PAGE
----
Epics in Agile are not on the same level as Moses or even Charleton Heston, but they are big. Business / News / The Guardian Podcast

Epics. When some people hear the word ‘epic’ they think about great works of literature or movies like ‘The Ten Commandments’. They seldom think about software project management, which is what Ryn Melberg (www.rynmelberg.com) takes on this week on her podcast, The Guardian. The Guardian podcast can be heard on Soundcloud (https://soundcloud.com/harold-nicoll/epics-in-agile) iTunes (https://itunes.apple.com/us/podcast/epics-in-agile/id977764101?i=361733748&mt=2) and her web site at www.rynmelberg.com.

As the name describes, Epics are the highest form of planning in Agile. Epics take the most time to complete and are the most resource intense of any in Agile or Scrum. An epic in agile is big from any point of view.

Epics in Agile

Epics in Agile are not on the same level as Moses or even Charleton Heston, but they are big.

How To Know An Epic

There are several ways to describe epics in agile. Some are simply a really big user story while others are a bundle of user stories tied together. But another way to discern an epic is via the time-box. “It should not take more than two months to complete a feature in agile,” Ryn told her listeners. “Anything that takes three months to a year is an epic.” Epics are also the things that deliver the greatest value. “An epic will benefit the organization in some way,” Ryn said. “That benefit can be for a customer, but it can also be internal in the form of better infrastructure or another operational advantage that makes the business more competitive.”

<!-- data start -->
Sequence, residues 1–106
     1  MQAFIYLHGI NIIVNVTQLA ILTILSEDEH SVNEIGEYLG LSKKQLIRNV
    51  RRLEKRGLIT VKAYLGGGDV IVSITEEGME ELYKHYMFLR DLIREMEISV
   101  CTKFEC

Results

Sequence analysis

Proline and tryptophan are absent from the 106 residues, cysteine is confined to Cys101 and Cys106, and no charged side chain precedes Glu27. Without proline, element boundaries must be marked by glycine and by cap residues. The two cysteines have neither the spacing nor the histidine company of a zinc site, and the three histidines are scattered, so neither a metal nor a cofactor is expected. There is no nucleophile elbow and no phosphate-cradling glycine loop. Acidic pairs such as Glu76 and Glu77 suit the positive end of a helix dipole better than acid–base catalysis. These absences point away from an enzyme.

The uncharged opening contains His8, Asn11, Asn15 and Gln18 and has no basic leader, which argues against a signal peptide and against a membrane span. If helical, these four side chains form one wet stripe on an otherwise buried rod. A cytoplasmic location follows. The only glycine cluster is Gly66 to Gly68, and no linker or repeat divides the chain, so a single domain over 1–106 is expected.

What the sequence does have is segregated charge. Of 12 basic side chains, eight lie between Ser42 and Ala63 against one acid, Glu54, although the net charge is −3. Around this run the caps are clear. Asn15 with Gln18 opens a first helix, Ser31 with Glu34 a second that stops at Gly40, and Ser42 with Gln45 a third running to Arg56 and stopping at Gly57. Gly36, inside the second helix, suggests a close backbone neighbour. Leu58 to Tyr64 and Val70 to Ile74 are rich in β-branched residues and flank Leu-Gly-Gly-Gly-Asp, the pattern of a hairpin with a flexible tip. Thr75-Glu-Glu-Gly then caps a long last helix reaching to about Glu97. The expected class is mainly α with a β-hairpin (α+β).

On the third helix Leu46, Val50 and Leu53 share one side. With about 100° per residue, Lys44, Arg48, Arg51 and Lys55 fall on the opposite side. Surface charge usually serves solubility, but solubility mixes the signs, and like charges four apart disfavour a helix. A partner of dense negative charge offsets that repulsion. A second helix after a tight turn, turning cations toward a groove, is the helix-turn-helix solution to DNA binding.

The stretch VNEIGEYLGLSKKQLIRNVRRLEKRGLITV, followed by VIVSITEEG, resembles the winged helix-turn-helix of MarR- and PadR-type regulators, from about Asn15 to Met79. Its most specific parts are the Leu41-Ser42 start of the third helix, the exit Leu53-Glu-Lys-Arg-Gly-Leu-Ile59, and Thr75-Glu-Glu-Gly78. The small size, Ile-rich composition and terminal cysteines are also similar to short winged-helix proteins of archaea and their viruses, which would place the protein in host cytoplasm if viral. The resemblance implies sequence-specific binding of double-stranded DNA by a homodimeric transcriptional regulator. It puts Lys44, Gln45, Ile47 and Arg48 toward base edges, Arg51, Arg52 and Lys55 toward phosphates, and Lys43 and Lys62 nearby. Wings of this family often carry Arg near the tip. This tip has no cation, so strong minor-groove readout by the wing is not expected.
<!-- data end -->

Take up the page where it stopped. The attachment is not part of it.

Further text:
The Lightweight Business Case

Since Epics are resource intense, they require a good deal of analysis before they are agreed to. The ‘lightweight business case’ is a process where team members and business stakeholders work together to define and articulate the benefits of an epic. It is during this time that analysis and description of the business benefits that will result from the epic are researched with examples given and accepted. A well-written epic is the first step in the process. “The best written epics are the ones that are the most concisely written,” Ryn advised her audience. “The longer an epic, the more chances there are for a misunderstanding. Shorter epics mean there are fewer chances for anyone on the team or in leadership to get the wrong idea.”

Describing the benefits and the steps involved for the entire team or more likely teams is a large part of developing the business case. Ultimately knowing when the project is drawn to a successful completion and how to recognize that success are defined as part of the lightweight business case. The lightweight business case procedure as part of the epic writing exercise helps leaders and team members alike know that they are choosing to work on the best projects for their organization and for their customers.


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